Source:
http://www-nrd.nhtsa.dot.gov/Pubs/810998.PDF

In Maryland from 1998-2004 speeding was responsible for 20% of all crashes. Exceeding posted speed limit was responsible for 20% of injury crashes -- about 1,950 per year. Exceeding posted speed limit was responsible for 58% of fatal crashes -- about 135 per year.

Source:
http://www-nrd.nhtsa.dot.gov/Pubs/811090.PDF

In response to Turnip, low posted speeds of 10-25 mph are commonly found in residential areas, school zones, lanes, and parking lots all around the country. If anyone finds they are having difficulty driving at those speeds, they certainly should get driver training assistance and/or obtain a vehicle which they are able to control properly.

by Laurence Aurbach on Oct 13, 2012 12:37 pm • linkreport

Correction, I'll rephrase that.

In Maryland from 1998-2004 speeding was responsible for 20% of all crashes. There were two types of speeding: "driving too fast for conditions" and "exceeding posted speed limit."

Exceeding posted speed limit was responsible for 20% of speeding-related injury crashes -- about 1,950 per year. Exceeding posted speed limit was responsible for 58% of speeding-related fatal crashes -- about 135 per year.

by Laurence Aurbach on Oct 13, 2012 12:47 pm • linkreport

Good article, David.

One aspect that is missing from the debate, and that I would have expected to see is road design. I was recently out of the US in a place where speed limits were very poorly posted. However, I found that the roads had been designed such that speeding was pretty much impossible.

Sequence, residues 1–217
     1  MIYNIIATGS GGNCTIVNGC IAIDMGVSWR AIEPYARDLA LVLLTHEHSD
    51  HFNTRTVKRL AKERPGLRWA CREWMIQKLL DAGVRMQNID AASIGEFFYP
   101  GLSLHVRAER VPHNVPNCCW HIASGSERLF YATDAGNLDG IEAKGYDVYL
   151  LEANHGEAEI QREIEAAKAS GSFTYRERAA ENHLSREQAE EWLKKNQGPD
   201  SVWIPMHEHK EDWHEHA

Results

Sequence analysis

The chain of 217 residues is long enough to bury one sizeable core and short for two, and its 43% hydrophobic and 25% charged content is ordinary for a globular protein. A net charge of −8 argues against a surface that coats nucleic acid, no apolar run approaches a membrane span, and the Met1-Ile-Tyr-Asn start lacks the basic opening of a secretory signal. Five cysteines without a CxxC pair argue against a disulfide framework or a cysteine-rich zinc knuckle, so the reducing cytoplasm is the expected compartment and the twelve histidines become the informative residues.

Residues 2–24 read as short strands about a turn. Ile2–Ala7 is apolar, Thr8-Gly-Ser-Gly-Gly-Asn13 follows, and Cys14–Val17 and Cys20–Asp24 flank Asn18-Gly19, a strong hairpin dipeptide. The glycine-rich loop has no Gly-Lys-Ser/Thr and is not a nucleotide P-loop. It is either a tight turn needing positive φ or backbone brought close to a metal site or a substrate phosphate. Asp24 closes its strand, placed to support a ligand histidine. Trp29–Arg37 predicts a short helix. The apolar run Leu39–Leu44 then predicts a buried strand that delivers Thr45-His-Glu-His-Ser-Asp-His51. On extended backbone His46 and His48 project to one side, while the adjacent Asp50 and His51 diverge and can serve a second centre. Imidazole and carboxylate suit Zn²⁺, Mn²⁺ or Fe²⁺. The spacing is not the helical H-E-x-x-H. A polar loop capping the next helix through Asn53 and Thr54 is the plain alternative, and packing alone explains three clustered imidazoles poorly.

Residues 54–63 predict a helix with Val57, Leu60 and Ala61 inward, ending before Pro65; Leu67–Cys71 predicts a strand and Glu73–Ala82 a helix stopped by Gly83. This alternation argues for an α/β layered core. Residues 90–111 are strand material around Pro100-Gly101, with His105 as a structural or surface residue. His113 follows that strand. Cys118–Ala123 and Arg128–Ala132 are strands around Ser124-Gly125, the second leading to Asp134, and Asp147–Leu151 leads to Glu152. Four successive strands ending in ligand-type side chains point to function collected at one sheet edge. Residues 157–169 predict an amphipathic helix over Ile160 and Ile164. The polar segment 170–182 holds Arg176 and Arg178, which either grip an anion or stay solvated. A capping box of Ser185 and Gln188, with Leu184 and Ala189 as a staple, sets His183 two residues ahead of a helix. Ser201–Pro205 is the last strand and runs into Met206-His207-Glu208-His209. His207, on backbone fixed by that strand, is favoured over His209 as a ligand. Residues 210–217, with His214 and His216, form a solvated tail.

To get rid of speeding, we need much better designed roads. We need narrower lanes. We need more roundabouts. We need wider side-walks and better posted pedestrian crossings.

by Jasper on Oct 13, 2012 1:35 pm • linkreport

I have to agree with Jack on this one.

DC's posted speed limits (plus the unposted, default, speed limit of 25mph) are often unreasonably low. And I don't think most people drive 30mph in a 25mph zone for the "momentary thrill" of it.

by nativedc on Oct 13, 2012 1:37 pm • linkreport

25mph is not an unreasonably low speed limit. Certainly not for city streets.

The ten mph cushion for enforcement is because you must prove that e violation actually occurred. The problem is that our methods of measuring speed are all rather imprecise. Your speedometer in the car is not exact, nor are radar guns. Thus, by setting the threshold higher, you ensure that the measured speed, even when accounting for uncertainty and error, is actual proof of exceeding the speed limit.

by Alex B. on Oct 13, 2012 1:55 pm • linkreport

Given that many DC streets display a delta between the posted speed limit and the actual maximum safe speed based on the roadway's design and configuration--see Porter Street NW at Rock Creek for an example--I tend to be skeptical of blanket statements asserting that exceeding the posted speed limit is "responsible" for x percent of crashes.

As a trained urban planner and a former law enforcement officer with experience investigating crashes, I agree that it's imperative for drivers to understand that excessive speed is a factor in many crashes, and that higher speeds generally mean greater injury/fatality and property damage potential in a crash. But it's equally important for us to remember that correlation is not causality. Extreme excessive speed (i.e., speed that is truly unsafe within a given set of roadway design and condition characteristics) can certainly lead to a crash in and of itself; that said, most crashes aren't caused solely by driving above the limit, as an earlier commenter asserts. Indeed, there are usually multiple precipitating factors in play, such as driver distraction, mechanical failure, or environmental conditions.